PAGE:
More than, say, bonds, there is true seasonality in commodities.
There's no magic or animal spirits involved. Commodities are simple
(hah!) supply- and demand-driven assets:
• Gasoline prices tend to go up in the summer months (gotta get to the beach somehow, right?)
• Heating oil prices rise in the winter—those of us in the Northern states have the heating bills to prove it.
• Agricultural commodity prices rise and fall with the growing cycle.
• Even precious metals have some seasonality, with Indian gold buyers seeing increased activity during festival months and jewelry makers everywhere cashing in on June brides and Christmas gift givers.
Knowing that historically there is a high demand for, say, heating oil in December, purchasing that December contract in June (on the theory that far contracts have the most noise) would let you buy low and sell high, all else being equal. You'd also minimize the effects of contango, should the contracts be impacted by that nefarious feature (which they were until recently), as the contango penalty is generally strongest in the near months.
Given that this seasonality is known, it would seem that it would be a phenomenon that is exploited in the markets, and therefore would no longer have much benefit. Traders love to spot trends and inefficiencies and take advantage of them, and the concept of seasonality is not new. A Google search on the seasonality of commodities yields a wealth of people looking to sell you their book or seminar on how to use this knowledge for profit.
We have one approach which is to chart each week of the year on a bear to bull scale for each commodity, the theory being that this information gives you a forward-looking indicator to use in conjunction with other indicators and/or news.
There are also a number of financial advisors that give insights on how they use seasonality in trading to benefit their clients, and, supporting them, companies that make their money off of supplying data on seasonality.
Of course, all of these types of long-term-trend strategies share significant short-term risks. That's because they always live in the caveat of "all things being equal," which of course they never are.
Now, however, Merrill Lynch seems to be upping the ante. On September 13, they quietly (very, very quietly) announced their official entry into the seasonal race in the pages of their Commodity Strategist client newsletter.
Merrill has created a series of indexes designed by construction to take advantage of these seasonal inefficiencies. The first, the ML Unseasonal Natural Gas Index, was launched in October of last year. Despite the fact that no public funds openly track it, it must have been well enough received by private investors, because Merrill has followed up by launching three new narrow “unseasonal” indexes, and one big composite index.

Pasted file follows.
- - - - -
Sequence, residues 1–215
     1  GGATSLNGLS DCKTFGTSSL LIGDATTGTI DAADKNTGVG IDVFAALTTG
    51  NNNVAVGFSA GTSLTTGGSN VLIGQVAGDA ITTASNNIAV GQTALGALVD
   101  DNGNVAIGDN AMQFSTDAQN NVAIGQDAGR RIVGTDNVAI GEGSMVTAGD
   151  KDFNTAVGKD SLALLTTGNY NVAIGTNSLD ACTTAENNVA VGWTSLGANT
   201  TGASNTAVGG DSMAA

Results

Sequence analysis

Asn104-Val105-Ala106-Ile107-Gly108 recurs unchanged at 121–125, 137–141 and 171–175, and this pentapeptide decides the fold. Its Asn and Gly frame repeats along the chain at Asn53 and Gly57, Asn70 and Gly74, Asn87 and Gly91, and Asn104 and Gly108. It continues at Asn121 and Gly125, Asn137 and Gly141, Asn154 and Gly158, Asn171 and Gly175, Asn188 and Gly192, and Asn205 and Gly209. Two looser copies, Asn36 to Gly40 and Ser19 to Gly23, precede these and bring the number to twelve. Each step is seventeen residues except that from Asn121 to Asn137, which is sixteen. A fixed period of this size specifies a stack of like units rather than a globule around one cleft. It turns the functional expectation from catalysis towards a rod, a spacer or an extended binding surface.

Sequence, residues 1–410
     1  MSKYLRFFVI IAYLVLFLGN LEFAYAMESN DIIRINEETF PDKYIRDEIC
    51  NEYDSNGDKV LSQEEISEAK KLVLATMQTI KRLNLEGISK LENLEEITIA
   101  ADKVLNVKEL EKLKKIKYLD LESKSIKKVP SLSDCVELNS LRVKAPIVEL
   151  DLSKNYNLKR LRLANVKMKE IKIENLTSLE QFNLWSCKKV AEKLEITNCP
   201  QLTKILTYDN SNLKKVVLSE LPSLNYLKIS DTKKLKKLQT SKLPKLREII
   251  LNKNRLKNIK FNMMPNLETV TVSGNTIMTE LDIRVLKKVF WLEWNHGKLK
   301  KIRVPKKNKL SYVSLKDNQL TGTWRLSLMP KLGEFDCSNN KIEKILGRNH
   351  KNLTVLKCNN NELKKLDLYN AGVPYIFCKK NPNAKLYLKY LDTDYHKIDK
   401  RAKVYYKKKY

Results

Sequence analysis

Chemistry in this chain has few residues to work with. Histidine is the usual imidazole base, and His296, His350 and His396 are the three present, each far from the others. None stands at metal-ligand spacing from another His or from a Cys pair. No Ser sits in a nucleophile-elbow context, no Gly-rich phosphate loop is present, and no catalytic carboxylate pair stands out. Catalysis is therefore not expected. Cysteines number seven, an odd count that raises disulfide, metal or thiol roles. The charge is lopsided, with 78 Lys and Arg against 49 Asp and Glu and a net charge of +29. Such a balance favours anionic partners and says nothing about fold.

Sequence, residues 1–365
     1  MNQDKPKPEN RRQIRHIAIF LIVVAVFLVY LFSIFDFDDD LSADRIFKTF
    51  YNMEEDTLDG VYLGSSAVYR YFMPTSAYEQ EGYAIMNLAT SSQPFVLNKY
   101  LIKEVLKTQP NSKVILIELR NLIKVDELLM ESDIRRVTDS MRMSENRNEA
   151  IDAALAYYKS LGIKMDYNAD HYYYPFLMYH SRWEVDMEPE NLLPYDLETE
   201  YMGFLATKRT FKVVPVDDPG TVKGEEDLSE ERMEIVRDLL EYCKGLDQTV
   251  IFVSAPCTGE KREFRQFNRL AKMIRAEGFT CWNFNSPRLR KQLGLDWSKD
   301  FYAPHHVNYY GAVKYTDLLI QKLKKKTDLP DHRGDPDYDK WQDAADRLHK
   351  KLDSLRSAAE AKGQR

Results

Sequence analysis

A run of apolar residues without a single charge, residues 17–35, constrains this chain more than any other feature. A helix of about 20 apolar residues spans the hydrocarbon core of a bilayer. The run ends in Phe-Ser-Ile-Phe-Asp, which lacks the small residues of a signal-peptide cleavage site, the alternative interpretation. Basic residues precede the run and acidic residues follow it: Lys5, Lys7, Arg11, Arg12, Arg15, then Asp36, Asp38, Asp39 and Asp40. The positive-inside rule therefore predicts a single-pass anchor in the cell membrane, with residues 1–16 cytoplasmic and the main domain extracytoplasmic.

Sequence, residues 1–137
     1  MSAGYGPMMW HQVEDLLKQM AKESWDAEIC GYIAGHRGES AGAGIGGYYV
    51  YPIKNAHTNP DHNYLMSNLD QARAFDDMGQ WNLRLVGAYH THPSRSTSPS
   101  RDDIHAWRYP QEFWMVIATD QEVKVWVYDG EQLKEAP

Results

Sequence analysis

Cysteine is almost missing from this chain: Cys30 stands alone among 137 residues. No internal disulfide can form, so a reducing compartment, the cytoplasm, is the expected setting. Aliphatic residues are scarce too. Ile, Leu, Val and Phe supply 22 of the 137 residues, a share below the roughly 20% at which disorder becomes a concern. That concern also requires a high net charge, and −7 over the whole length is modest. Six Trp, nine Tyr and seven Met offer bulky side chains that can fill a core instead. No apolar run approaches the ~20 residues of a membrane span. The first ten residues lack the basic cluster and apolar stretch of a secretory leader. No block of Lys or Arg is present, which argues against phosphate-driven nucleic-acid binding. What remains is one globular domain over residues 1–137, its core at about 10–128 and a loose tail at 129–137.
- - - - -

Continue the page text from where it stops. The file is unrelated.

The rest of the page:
The three new strategies are Unseasonal takes on Unleaded Gasoline; Heating Oil; and Lean Hogs. Each has a unique process for determining which contracts to hold when. For example, the Heating Oil index rolls twice a year, rolling into December and June contracts in April and October, respectively. Theoretically, this lets them constantly be buying low and selling high, allowing the index to offset recent contango (and perhaps still capture the benefits of backwardation).
It's no surprise that it's Merrill doing the work here. Merrill Lynch has already tried to separate themselves from the pack by running their existing futures indexes a little differently compared with the GSCI. They trade second- to third-month contracts instead of front month to second. They also use a 15-day rolling period as opposed to GSCI's five-day period when making their trades. Both strategies are intended to increase yield, and according to their research, it seems to justify the change.
But Merrill Lynch isn’t the only one jumping on the seasonality bandwagon. Goldman Sachs recently launched an exchange-traded note tied to a tweaked version of the GSCI that attempts to capitalize on seasonality in the natural gas market.
All and all, these folks seem like they are the smart guys in the room, capitalizing on simple and indisputable trends in the marketplace. But then again, everyone's backtests always look good. The big question will be how these strategies perform in the real world. If they do well (and if the media and investors catch on), we might see a whole raft of ETFs and ETNs jumping on the bandwagon.
Of course, the problem with all inefficiency-exploitation strategies is that as soon as "everyone knows," the magic of a free market almost guarantees that the alpha dries up. There’s a battle for seasonality in the commodities space between users who really do drive up demand during certain seasonal periods, and investors looking to exploit those trends. With so many new investors piling into the marketplace, these seasonality trends could disappear very quickly indeed.